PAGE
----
“The Border Agency are playing a game to scare us”
Stuart is campaigner, writer and researcher in Sheffield. He is currently Secretary of the South Yorkshire Migration and Asylum Action Group (SYMAAG) and has worked extensively with migrant communities in the area. He has published work on anti-deportation campaigns and social movements and researched and campaigned against cashless asylum support. He has used oral history methods to study aspects of South Yorkshire social and labour history, particularly the role of migrant communities in the steel industry and histories of solidarity between “host” and migrant communities in South Yorkshire.
From March 2011 Sudanese asylum seekers in South Yorkshire began receiving letters from UKBA asking them to attend interviews to “verify personal data”. “Failure to do so” the letters warned “may affect any outstanding claim you may have with the Home Office”.
People “requested to attend” were worried that such interviews were a prelude to their deportation after a questioning by Sudanese Embassy officials. When staff from the Northern Refugee Centre in Sheffield explained these concerns, verbally and in writing, to UKBA on April 15th they were led to believe that:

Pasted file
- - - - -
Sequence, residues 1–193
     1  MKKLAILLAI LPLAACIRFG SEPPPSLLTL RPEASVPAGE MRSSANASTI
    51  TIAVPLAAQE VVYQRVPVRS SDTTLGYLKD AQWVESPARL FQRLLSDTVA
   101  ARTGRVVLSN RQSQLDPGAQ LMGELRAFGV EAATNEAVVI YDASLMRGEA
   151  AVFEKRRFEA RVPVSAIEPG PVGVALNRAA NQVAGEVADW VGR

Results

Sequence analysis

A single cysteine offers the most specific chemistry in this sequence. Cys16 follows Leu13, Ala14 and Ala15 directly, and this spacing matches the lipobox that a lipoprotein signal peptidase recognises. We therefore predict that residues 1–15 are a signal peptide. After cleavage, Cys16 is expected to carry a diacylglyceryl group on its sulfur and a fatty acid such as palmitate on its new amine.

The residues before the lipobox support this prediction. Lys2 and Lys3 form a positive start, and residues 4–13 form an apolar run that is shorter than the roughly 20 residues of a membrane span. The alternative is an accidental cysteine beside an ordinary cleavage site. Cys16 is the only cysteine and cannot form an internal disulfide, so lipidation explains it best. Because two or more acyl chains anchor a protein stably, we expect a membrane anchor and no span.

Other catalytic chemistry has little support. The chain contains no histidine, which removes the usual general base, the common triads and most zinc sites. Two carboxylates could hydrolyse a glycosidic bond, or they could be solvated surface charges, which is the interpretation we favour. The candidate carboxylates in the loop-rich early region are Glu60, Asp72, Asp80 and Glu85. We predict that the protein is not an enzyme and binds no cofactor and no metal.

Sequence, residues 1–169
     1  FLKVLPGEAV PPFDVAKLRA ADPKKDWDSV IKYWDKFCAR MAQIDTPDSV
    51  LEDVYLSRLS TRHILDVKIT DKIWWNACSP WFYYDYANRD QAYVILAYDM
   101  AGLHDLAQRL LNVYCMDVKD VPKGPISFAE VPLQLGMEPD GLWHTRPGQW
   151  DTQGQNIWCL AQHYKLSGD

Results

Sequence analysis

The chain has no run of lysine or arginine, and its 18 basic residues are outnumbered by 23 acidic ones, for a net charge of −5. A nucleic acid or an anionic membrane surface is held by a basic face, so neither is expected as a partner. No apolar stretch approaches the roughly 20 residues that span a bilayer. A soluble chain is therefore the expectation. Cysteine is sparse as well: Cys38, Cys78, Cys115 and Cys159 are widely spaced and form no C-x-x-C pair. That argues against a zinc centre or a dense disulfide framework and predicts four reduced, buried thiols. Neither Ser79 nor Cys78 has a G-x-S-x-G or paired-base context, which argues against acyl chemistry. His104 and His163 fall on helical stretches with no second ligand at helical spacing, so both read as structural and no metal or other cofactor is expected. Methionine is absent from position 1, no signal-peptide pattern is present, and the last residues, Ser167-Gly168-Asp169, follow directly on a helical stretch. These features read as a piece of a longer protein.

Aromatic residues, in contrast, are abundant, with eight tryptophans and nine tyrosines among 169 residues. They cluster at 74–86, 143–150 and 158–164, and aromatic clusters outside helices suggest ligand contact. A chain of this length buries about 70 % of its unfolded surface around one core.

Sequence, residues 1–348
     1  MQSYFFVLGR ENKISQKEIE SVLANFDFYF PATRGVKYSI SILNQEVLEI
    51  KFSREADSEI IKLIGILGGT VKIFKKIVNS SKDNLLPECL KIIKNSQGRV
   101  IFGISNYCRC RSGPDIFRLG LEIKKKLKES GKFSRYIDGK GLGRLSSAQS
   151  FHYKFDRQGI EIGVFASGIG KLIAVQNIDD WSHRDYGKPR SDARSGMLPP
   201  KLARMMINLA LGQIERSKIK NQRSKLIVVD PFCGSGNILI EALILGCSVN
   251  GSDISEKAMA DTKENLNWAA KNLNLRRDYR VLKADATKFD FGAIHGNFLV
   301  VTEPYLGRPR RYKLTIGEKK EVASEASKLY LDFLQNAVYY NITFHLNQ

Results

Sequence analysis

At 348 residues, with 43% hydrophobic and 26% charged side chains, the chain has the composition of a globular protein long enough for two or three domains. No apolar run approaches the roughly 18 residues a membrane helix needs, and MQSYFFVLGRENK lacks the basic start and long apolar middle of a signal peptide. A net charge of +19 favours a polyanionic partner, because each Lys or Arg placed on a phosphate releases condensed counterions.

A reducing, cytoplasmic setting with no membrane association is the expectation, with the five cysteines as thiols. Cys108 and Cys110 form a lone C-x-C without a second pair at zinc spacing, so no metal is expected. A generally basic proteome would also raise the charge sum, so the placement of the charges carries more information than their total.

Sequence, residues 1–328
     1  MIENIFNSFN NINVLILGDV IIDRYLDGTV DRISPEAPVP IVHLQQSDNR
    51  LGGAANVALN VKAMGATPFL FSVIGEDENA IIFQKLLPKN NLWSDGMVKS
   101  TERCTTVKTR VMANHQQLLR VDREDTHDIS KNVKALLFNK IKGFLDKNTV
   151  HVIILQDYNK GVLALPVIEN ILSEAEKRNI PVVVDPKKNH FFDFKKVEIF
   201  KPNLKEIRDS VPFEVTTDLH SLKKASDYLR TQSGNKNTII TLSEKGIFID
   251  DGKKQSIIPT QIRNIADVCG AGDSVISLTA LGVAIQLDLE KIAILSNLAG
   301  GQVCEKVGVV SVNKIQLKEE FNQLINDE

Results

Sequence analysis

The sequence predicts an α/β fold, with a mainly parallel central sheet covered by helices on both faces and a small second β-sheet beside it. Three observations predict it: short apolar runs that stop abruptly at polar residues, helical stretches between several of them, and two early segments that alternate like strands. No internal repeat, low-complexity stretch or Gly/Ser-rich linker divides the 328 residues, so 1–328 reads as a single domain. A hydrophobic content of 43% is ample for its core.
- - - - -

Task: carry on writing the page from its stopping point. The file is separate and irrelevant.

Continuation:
- the interviews were simply to verify identity and nationality
- two UKBA officials would attend each of the interviews
- all information resulting from the interviews was confidential and would be kept on file by UKBA only
- no questions about people’s families back in Sudan would be asked
- those people interviewed had asylum applications which were “appeal rights exhausted” ie they had come to the end of their asylum claim
But, according to reports of the interviews received by the South Yorkshire Migration and Asylum Action Group (SYMAAG), highlighted by Waging Peace, the reality appears to be very different. It seems that no UKBA officials were present at the interviews, while two or three Sudanese Embassy officials asked detailed questions: the whereabouts of people’s families in Sudan, why they left the country and what problems they had with the Sudanese government.
At least three interviewees were awaiting the results of their asylum appeals – that is, they were not “appeal rights exhausted”. One man told us that he was offered £20 by a Sudanese Embassy official as an inducement to help them gather information on government opponents.
“The Border Agency are playing a game to scare us” was one Sudanese asylum seeker’s assessment. The experience left some people too scared to sleep in their own beds and exacerbated feelings of anxiety and depression. “I don’t want to go back to that dark room” one man told me, fearing deportation and renewed torture in Sudan.
Making a formal complaint at UKBA's Vulcan House in 2008.
3 years on, the problem remains
Not the First Time
But this isn’t the first time UKBA has done this. In 2007 UKBA promoted “re-documentation interviews” between Sudanese Embassy officials and 101 Sudanese people seeking asylum.
Since then, Sudan’s President Omar Al-Bashir has been indicted by the International Criminal Court for genocide, crimes against humanity and war crimes in Darfur. Recent news of aerial bombardment of the Nuba people, sympathetic to newly-independent South Sudan, seems to confirm the accuracy of these charges.